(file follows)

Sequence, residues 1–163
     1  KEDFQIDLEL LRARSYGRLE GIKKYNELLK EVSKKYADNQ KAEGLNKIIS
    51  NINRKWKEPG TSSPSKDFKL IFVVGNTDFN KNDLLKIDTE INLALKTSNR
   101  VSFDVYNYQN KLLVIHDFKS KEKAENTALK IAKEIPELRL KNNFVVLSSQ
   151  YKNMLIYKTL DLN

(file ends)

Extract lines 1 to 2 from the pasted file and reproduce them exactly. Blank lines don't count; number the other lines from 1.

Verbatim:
Sequence, residues 1–163
     1  KEDFQIDLEL LRARSYGRLE GIKKYNELLK EVSKKYADNQ KAEGLNKIIS